Junior A.J. Lee, as he describes it, is blessed.

The biology major and Longmeadow, Mass. native is the ‘Jackets’ speediest 500 meter runner on the indoor track, improving his time this past weekend to put him in prime position for the Eastern College Athletic Conference Championships in March.

But for the football player-wannabe turned track star and co-captain, running isn’t necessarily a means to something as much as it is an end in itself.

How’d you get started with track?

At first, in high school, I actually went in trying to play football. My mom said I was a little too skinny for that and that I would get killed, so instead she said, “Why don’t you try cross country?’ And at first I said no, this is horrible; I don’t want to run my whole life. But I ended up doing cross country and I actually excelled. … And instead of doing baseball [in the spring], which is usually my thing, it ended up making more sense just to continue on.

Do you have a track and field role model?

That’s a good question. I don’t actually watch a lot of track and field, which is kind of funny.

But I was always an 800-meter runner, and I always like watching this one runner who was from Russia. His name was Yuriy Borzakovskiy. He’s a very good 800-meter runner, but what’s so special about him is that he would always go out at an even pace, laying at the back of the field, enjoying his time, but at the end he would out-kick every single runner. It was always a race to watch, because you never knew when he was going to kick.

Why did you decide to come to UR?

It’s an interesting story. The school that really wanted me to run track for them was University of Vermont. But for me, Division I would be a little too competitive, and I really wanted to excel academically.

[UR] offered a lot of academic success, and I thought that it would be the best place to go. I could still be competitive, but doing the stuff I wanted to do in sciences here, rather than up in Vermont. So far, it’s really worked out well.

What do you think the key to your success is?

Normally you would say hard work. If you put all of your efforts in, then you would be successful. I think, to a certain extent, I’m very blessed to have natural talent. I know there are a lot of people out there on the track team that work hard at their events, but they never seem to go beyond the average person. They work hard at it and they are successful. I praise them for that. I have just been very lucky with the talent I’ve been granted.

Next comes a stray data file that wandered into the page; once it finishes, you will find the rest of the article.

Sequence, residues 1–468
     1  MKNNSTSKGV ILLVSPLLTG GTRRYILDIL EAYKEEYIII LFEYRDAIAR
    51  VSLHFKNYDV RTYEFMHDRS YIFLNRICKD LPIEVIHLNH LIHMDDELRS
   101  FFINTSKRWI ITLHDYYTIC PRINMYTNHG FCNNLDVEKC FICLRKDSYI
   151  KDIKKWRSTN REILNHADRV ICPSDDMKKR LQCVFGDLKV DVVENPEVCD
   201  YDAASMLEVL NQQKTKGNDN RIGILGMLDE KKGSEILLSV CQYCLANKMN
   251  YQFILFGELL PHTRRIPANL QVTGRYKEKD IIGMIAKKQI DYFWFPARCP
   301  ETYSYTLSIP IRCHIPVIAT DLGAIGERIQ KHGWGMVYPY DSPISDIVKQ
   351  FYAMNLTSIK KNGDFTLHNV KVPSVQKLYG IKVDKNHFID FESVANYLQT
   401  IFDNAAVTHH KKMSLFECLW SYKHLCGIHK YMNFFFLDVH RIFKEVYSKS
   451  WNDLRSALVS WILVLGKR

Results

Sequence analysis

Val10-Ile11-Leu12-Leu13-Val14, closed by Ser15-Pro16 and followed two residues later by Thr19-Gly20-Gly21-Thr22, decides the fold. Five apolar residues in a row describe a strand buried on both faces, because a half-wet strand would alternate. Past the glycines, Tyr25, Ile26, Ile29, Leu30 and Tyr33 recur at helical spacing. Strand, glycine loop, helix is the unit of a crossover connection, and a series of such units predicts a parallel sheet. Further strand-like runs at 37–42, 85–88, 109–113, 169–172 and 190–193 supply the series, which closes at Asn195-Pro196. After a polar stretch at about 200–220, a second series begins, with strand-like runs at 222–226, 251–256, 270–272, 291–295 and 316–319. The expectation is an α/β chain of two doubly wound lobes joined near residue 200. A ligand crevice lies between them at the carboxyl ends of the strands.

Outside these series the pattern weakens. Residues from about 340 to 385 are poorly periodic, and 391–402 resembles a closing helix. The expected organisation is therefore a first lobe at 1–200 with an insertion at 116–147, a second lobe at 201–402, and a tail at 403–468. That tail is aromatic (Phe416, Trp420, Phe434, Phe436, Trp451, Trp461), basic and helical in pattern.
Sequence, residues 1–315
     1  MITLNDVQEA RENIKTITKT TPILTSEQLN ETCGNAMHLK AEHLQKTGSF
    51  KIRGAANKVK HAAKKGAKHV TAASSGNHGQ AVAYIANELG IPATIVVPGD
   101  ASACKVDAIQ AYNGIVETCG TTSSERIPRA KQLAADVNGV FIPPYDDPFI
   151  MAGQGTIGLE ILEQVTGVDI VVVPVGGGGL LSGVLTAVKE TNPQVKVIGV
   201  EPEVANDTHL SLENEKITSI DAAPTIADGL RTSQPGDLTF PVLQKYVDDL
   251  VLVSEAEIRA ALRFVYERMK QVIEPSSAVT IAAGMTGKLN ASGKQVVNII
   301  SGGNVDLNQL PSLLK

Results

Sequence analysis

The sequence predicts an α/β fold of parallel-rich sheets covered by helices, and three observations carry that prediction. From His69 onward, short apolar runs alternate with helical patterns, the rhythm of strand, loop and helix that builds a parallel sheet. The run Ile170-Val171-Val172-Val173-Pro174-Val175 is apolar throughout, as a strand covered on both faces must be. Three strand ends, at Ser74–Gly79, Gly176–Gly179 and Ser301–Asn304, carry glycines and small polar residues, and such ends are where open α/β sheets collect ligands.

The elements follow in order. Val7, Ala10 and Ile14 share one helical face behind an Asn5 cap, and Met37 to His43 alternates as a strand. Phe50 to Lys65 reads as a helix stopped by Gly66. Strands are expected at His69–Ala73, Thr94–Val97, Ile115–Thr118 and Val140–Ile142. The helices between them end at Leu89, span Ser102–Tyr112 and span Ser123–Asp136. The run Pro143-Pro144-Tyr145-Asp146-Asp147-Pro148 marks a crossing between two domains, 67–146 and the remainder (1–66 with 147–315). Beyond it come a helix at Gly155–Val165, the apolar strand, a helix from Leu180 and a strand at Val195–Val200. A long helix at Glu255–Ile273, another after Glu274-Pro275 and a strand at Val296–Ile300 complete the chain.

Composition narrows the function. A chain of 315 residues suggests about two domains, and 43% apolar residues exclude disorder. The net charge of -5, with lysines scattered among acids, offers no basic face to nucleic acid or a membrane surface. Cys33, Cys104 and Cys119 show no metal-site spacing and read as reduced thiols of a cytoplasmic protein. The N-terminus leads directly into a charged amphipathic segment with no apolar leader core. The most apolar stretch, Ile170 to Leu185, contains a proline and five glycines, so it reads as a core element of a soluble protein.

Spiritually, I would say that God gave me a gift. He made me fast. I think that I put in a lot of effort myself, and a big part of it is that you have to love what you do to excel at it. But sure there are days when I hate running; there are days when I love running. It’s a love-hate relationship. But I think that it takes a lot of mental preparation, a lot of mental sacrifice, to do a sport. And a lot of time.

What goes through your head when you are running?

Well, it used to be: Hang in there. After a lot of experience, it’s that you got to stay relaxed, try to keep your shoulders relaxed and try to stay efficient. When you start locking up all your muscles, then you start locking up your body, and you’re going to get tired more quickly. … It’s a much more mature step, going from “I’m just trying to survive here’ to “I can kick this guy’s butt.’

Are there any lessons you’ve learned in track that will help you later in life?

One of the reasons why I continued doing track is because you meet so many people on the team. They’re the first group of people I met here at school, because I came here early to run.

When you join a team like this, then you come out with a lot of friends, you establish yourself, you learn how to work with the team … and it’s special.

I learned that if you work hard at something, you become successful in your own way. For me, I’ve accomplished a lot of things. And to be the co-captain of the team is quite an honor to lead a group of guys and girls that look up to you as a role model.

What do you have to do individually to do well at ECACs?

You have to be aware that you worked very hard to get to where you are at.

The ECAC standards are tough. You work at it. You definitely have a lot of practice time behind you and this is the time where you shine.

Manrique is a member of the class of 2012.



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